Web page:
Author: Hans Reichenbach
Series: Dover Books on Physics
Paperback: 336 pages
Publisher: Dover Publications; 1st English Ed. edition (June 1, 1957)
Product Dimensions: 5.4 x 0.6 x 8 inches
With unusual depth and clarity, it covers the problem of the foundations of geometry, the theory of time, the theory and consequences of Einstein's relativity including: relations between theory and observations, coordinate definitions, relations between topological and metrical properties of space, the psychological problem of the possibility of a visual intuition of non-Euclidean structures, and many other important topics in modern science and philosophy.
While some of the book utilizes mathematics of a somewhat advanced nature, the exposition is so careful and complete that most people familiar with the philosophy of science or some intermediate mathematics will understand the majority of the ideas and problems discussed.
Partial CONTENTS: I. The Problem of Physical Geometry. Universal and Differential Forces. Visualization of Geometries. Spaces with non-Euclidean Topological Properties. Geometry as a Theory of Relations. II. The Difference between Space and Time. Simultaneity. Time Order. Unreal Sequences. Ill. The Problem of a Combined Theory of Space and Time. Construction of the Space-Time Metric. Lorentz and Einstein Contractions. Addition Theorem of Velocities. Principle of Equivalence. Einstein's Concept of the Problems of Rotation and Gravitation. Gravitation and Geometry. Riemannian Spaces. The Singular Nature of Time. Spatial Dimensions. Reality of Space and Time.
"John E. Freund." Professor of Mathematics Emeritus Arizona State University Educated at the University of London, U.C.L.A., Columbia University, and the University of Pittsburgh, Doctor Freund's interest in Mathematics, Logic, and the Philosophy of Science led him to a career in statistics. Keynoted by his approach to statistics as a way of thinking, and as such a refinement of everyday thinking, his textbooks in statistics at various levels and for various fields of application have been bestsellers for fifty years.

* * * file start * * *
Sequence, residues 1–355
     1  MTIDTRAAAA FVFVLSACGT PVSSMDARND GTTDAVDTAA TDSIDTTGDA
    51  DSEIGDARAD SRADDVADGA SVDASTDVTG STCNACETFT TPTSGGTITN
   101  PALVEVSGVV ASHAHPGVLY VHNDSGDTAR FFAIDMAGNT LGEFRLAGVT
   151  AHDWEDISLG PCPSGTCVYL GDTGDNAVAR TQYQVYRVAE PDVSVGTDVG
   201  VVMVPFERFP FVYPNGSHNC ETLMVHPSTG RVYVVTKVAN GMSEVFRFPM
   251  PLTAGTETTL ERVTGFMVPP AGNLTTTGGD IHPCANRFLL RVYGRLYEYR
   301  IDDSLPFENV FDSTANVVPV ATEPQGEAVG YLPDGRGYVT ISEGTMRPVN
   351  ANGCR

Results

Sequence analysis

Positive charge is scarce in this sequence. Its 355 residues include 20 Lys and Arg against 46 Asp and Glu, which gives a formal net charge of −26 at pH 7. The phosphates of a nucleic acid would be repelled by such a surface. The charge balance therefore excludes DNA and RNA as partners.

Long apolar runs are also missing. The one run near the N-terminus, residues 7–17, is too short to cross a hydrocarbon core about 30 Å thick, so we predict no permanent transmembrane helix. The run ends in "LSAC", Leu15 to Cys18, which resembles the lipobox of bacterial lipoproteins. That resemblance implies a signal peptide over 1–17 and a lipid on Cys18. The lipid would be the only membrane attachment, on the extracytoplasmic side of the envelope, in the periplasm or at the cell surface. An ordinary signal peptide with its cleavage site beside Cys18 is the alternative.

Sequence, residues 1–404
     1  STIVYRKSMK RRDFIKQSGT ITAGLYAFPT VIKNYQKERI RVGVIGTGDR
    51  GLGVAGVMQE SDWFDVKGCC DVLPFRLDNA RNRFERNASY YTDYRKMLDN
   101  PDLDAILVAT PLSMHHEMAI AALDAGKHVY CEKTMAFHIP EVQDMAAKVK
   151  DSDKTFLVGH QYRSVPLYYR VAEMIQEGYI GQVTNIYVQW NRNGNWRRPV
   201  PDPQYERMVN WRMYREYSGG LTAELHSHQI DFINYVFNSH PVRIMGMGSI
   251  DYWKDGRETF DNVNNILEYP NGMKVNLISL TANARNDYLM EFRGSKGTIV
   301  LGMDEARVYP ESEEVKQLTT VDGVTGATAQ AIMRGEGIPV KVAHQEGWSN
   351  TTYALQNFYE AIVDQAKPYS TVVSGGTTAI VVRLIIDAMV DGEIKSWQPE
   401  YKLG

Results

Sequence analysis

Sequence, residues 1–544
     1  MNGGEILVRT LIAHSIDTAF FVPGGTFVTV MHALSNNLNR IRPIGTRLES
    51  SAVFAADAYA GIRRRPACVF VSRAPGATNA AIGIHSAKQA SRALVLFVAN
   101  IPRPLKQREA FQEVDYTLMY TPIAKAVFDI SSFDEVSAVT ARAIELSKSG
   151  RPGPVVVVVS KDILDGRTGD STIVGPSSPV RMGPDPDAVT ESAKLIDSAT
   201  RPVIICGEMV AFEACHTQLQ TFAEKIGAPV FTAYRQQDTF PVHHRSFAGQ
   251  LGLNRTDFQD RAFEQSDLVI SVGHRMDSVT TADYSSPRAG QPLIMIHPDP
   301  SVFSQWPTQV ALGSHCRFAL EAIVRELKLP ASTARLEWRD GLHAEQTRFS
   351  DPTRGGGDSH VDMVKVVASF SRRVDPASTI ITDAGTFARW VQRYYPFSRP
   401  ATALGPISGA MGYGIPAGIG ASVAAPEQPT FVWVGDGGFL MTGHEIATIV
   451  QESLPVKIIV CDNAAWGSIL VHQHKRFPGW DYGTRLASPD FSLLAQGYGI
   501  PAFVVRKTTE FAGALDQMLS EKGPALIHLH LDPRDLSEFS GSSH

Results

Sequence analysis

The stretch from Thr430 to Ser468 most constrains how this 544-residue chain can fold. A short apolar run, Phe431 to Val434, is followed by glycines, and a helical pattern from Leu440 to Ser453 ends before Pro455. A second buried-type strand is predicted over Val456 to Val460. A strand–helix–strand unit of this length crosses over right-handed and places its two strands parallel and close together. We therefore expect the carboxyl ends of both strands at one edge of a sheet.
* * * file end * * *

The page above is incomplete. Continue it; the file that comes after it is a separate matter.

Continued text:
1) By Arja Turunen-Red on December 14, 1999
This is an absolutely fabulous book about the foundations of special and general relativity. The author's deep understanding of and insight to these complex structures is beautifully displayed and explained using simple but nontrivial examples and very readable text. If you really want to understand relativity, you must read this book. The focus is not on formal mathematics but on the real, intuitive, content of the concepts and the mathematical theory.
If you have been confused by discussions of rigid rods, clocks, simultaneity etc. in other sources, check out Reichenbach's construction of the light geometry and his discussion of the indefinite space type. Want to understand how gravity affects spacetime but do not want to study differential geometry? Read Reichenbach's sections on the Riemannian spaces and his chapter about space and time in gravitational fields. No other source explains these relationships as clearly and without resorting to silly or trivial examples.
A beautiful scholarly book which is thoroughly accessible. The author's great love of the subject is much in evidence.
2) By Carlo Del Noce on September 28, 2006
The reference to "A." which Mr. Ecce Nihil could not find is to a German book by Reichenbach, as written in the author's introduction at page xv. Reichenbach's book IS consistent. It is one of the few books on relativity explaining the question of clock synchronization properly and comprehensively ( in the sense of Bridgman's operational view ).
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